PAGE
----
More formal and somewhat more elaborated descriptions of the compacting methodology of the present invention have been presented hereinabove, and reference here is made back to those methodologic descriptions for a further understanding regarding how practice of the invention unfolds during an overall scrap-metal compacting operation.

Turning attention now to FIG. 5 in the drawings, here, indicated generally at 62 in outline form is what is referred to as a final-stage compaction bundle of the charge of scrap metal illustrated at 32 in FIG. 1. This final-stage bundle has sides, such as sides 64, 66, 68 with obvious lateral dimensions determined by the geometry of compacting chamber 16, and includes, substantially centrally in side 64, the uniquely piston-produced compaction and densification-creating indentation hollow, shown generally at 70 in this figure, as proposed by the present invention.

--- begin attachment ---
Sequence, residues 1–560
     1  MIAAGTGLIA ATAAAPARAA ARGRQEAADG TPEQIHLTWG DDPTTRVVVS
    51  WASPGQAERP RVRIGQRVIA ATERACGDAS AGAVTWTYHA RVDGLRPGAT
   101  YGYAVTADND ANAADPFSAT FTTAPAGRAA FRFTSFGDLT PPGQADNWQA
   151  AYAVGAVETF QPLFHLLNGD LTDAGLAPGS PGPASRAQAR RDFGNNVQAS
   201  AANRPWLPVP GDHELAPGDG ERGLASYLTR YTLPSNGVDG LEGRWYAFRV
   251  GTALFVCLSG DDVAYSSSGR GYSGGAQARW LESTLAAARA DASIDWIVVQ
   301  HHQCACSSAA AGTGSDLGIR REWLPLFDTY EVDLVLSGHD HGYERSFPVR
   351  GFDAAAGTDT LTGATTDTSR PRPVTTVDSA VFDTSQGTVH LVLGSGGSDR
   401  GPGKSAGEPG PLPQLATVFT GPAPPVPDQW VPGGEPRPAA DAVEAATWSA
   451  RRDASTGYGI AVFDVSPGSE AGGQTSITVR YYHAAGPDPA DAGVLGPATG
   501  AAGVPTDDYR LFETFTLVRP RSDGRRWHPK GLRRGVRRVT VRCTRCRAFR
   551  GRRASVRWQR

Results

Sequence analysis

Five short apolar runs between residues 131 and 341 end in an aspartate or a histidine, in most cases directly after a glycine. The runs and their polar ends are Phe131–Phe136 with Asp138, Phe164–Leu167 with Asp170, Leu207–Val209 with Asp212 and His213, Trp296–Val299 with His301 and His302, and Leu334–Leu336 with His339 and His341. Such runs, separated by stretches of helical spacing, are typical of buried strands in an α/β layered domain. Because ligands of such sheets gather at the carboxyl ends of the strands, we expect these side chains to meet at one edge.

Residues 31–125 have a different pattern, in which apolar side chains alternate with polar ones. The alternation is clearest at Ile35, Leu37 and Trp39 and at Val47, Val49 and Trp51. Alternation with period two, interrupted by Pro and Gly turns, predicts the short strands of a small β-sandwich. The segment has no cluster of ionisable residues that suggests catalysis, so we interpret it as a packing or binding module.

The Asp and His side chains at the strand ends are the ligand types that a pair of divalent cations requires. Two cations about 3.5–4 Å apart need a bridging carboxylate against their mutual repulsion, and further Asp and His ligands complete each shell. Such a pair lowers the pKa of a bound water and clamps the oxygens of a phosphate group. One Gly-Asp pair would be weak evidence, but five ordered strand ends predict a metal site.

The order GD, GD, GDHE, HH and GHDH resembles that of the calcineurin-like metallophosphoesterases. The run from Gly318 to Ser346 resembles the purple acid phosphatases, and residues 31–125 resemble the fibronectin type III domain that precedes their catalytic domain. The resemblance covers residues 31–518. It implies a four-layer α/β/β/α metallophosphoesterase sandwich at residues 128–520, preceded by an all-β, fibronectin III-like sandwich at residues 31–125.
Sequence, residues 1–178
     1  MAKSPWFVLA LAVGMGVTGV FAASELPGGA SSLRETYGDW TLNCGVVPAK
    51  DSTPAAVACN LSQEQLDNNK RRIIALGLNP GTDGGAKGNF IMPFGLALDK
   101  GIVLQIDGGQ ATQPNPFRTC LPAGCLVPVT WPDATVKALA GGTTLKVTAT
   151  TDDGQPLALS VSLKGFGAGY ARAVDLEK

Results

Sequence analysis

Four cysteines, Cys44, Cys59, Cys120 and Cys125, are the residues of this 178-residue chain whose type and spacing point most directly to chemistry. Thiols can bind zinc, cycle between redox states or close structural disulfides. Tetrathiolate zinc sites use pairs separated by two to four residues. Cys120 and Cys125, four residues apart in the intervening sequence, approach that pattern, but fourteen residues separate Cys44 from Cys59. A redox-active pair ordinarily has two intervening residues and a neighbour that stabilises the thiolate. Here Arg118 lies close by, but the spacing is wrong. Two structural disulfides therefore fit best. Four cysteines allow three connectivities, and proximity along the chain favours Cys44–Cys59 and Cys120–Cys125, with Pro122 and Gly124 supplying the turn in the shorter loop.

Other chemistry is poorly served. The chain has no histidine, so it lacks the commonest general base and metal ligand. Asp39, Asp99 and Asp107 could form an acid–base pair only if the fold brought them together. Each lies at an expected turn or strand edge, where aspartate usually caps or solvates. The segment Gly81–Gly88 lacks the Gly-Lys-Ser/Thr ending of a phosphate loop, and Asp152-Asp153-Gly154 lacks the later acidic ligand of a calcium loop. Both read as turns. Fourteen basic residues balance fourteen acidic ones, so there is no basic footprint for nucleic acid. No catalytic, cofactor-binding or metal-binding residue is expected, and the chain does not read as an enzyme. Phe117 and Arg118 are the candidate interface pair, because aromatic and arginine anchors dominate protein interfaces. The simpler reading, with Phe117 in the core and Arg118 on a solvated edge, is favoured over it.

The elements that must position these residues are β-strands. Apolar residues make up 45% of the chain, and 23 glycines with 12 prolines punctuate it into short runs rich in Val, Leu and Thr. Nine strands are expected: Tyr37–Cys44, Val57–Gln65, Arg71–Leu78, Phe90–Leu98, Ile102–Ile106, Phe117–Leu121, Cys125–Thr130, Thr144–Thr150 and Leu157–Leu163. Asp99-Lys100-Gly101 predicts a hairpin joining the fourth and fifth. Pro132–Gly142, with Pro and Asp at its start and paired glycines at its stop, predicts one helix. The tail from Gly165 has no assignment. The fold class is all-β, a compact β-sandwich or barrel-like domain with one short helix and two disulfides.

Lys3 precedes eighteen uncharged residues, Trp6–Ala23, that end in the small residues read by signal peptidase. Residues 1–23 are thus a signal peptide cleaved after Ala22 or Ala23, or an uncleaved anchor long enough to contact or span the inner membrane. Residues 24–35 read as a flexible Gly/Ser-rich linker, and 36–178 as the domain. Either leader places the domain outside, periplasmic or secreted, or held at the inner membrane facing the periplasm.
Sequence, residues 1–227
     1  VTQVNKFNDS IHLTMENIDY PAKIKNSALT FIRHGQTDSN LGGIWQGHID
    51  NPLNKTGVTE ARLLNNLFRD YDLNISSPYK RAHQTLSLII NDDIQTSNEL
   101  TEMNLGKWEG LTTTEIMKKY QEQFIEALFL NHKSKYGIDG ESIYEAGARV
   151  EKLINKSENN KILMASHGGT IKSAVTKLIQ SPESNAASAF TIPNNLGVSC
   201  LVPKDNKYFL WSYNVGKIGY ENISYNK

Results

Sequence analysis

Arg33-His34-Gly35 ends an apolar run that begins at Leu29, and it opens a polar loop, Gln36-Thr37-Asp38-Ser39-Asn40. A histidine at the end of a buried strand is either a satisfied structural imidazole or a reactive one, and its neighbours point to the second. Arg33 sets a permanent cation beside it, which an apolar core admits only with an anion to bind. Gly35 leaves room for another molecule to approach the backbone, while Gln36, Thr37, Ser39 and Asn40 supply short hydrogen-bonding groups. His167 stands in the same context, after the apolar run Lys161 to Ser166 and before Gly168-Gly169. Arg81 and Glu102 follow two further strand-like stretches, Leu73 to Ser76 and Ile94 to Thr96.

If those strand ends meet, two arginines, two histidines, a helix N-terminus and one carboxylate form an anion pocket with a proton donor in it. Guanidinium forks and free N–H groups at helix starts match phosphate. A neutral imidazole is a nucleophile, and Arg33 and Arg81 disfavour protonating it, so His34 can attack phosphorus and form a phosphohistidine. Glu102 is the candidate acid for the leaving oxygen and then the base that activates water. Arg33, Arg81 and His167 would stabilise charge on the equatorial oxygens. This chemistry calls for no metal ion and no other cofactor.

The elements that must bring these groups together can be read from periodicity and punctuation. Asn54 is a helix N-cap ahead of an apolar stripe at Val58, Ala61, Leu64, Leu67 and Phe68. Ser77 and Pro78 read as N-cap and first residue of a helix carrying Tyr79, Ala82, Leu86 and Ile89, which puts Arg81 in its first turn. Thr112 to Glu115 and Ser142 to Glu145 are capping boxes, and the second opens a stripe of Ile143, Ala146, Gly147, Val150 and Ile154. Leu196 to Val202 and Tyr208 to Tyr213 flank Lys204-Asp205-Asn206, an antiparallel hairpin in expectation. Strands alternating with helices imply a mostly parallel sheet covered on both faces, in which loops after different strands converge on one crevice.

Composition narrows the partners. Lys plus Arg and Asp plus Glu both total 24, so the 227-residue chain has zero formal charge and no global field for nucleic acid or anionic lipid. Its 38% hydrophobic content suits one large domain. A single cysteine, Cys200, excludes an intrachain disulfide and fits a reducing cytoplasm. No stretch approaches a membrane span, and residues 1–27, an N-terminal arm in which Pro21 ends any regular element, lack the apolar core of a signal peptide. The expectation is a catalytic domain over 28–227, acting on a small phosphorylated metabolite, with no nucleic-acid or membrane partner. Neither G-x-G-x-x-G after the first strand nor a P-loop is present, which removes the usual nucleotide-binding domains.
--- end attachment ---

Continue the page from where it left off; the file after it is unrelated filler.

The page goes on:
With regard to the final-stage bundle appearance which is presented in FIG. 5, one should note that the bundle outline here pictured is somewhat idealized in terms of its configuration, particularly with regard to the appearance of indentation 70. Also to note is that, prior to the creation of indentation 70 in the second compacting stroke, the just-then-before-existing, initially compacted (first-stage) bundle of scrap metal has much the appearance of the larger form which is pictured as an outline in FIG. 5. This first-compaction-stage bundle form is referred to herein as a first-stage compaction bundle, and also as an otherwise normally compacted bundle.